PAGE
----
March 15, 2019 | Cardozo Law Review Symposium: Ten Years After Iqbal: Perspectives on Policy, Procedure, and Substance
Co-sponsored by the Floersheimer Center and the Cardozo Law Review
This Symposium will bring together leading practitioners and academics to reflect on the continued and evolving impact of Ashcroft v. Iqbal, on the 10th anniversary of the decision. The event will highlight a variety of perspectives through panels focusing on Iqbal through the lenses of rule-making, substantive law, empirics, and practice.
March 31 & April 1, 2019 | A Passion for Civil Liberties: Building on the Legacy of Norman Dorsen
Co-sponsored by the Floersheimer Center and the International Association for Constitutional Law, in conjunction with the US Association of Constitutional Law
This roundtable is in honor of Norman Dorsen (1930-2017), who was a preeminent civil libertarian scholar, advocate, and organizer. Professor Dorsen was a member of the IACL Executive Committee from the mid 1990s until the mid 2000s, as well as the founding president of the US Association of Constitutional Law, the founder and Editorial Director of the International Journal of Constitutional Law (I.CON), and a co-author (with Baer, Mancini, Rosenfeld and Sajo) of the casebook on Comparative Constitutionalism (3d Ed. West Academic Publishing 2016).
Professor Dorsen was the president of the American Civil Liberties Union (ACLU) (1976-1991) and the Frederick I. and Grace A. Stokes Professor of Law and Co-Director of the Arthur Garfield Hays Civil Liberties Program at the New York University School of Law, where he specialized in Constitutional Law, Civil Liberties, and Comparative Constitutional Law.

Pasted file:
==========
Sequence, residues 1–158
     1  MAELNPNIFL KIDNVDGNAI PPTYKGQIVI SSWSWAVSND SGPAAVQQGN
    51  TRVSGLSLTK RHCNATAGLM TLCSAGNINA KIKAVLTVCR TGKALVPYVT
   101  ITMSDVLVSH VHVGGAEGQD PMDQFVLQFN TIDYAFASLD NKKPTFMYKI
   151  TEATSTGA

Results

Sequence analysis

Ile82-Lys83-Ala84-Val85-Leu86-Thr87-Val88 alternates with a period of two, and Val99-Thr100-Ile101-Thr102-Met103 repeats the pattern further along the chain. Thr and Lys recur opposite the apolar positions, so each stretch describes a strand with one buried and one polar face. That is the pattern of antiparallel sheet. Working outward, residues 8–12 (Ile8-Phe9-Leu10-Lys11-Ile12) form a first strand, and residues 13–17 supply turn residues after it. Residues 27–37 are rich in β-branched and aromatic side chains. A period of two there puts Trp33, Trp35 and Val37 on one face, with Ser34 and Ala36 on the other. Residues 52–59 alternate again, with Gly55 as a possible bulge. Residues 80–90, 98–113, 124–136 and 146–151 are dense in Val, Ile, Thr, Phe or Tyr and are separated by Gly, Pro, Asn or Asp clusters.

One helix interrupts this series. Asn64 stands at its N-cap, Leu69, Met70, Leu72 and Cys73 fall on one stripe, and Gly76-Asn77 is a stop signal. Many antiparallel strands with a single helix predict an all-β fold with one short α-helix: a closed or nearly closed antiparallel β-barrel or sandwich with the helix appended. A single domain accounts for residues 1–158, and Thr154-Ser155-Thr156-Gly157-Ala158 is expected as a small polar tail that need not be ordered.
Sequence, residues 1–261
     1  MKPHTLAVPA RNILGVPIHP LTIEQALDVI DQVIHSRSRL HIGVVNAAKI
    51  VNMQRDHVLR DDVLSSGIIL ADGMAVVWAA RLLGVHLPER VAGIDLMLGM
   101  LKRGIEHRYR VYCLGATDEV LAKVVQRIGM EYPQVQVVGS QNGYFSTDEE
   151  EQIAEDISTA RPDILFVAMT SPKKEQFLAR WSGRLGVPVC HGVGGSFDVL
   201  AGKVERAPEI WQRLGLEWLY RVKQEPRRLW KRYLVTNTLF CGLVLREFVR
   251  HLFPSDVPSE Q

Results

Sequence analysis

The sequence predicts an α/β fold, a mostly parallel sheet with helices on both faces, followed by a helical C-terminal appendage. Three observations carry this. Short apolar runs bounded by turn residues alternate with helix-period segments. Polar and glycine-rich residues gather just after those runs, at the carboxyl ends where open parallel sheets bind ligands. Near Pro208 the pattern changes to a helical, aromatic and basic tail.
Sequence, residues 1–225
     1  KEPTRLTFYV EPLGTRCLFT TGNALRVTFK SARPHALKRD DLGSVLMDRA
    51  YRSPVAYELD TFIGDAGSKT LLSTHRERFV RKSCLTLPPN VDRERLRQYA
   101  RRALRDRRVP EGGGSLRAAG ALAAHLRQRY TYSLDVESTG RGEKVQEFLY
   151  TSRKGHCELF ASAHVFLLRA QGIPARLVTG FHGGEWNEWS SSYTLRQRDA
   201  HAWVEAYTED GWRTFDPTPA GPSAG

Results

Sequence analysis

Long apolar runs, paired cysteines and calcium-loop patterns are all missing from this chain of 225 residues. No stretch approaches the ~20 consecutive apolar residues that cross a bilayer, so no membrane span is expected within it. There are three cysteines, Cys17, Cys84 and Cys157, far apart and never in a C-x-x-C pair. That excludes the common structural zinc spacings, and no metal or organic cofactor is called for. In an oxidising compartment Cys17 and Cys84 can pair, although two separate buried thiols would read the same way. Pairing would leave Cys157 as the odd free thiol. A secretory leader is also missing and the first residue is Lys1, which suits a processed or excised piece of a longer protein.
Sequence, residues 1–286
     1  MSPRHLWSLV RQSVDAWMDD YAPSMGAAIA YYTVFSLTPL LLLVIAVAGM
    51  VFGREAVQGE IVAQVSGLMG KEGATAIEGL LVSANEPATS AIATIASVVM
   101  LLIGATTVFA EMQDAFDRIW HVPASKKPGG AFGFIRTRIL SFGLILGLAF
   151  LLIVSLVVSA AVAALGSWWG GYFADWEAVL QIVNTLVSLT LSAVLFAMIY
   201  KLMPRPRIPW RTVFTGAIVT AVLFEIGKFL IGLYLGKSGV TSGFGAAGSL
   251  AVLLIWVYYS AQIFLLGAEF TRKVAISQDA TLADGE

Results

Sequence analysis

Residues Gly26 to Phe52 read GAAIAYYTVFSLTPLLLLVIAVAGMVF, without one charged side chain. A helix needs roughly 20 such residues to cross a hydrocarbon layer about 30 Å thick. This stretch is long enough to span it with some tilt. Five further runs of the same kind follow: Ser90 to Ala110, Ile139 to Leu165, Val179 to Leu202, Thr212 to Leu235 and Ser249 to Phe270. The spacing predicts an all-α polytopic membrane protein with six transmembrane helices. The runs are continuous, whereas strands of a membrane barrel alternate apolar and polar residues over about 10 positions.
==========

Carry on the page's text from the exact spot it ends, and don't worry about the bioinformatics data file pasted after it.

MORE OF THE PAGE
For over half a century, Norman Dorsen carved out an exceptional and unique carreer path combining advocacy, organizational leadership, and trend-setting legal scholarship. He argued many landmark constitutional cases involving civil liberties in the US Supreme Court, including the first case before that Court on the issue of abortion.
By concentrating on subjects at the core of Norman Dorsen’s legacy, the Roundtable will be comprised of three panels. The first of these will be a panel of judges from Supreme or Constitutional Courts from different jurisdictions that will concentrate on an agreed upon subject of particular current interest relating to civil liberties, and that will be conducted in a question and answer format with the moderator posing questions and facilitating the conversation among the participating judges. The remaining two panels will be comprised of scholars from diverse jurisdictions who will tackle contemporary issues and challenges in crucial areas of rights’ protection: equality and free speech.
Program to be shared shortly.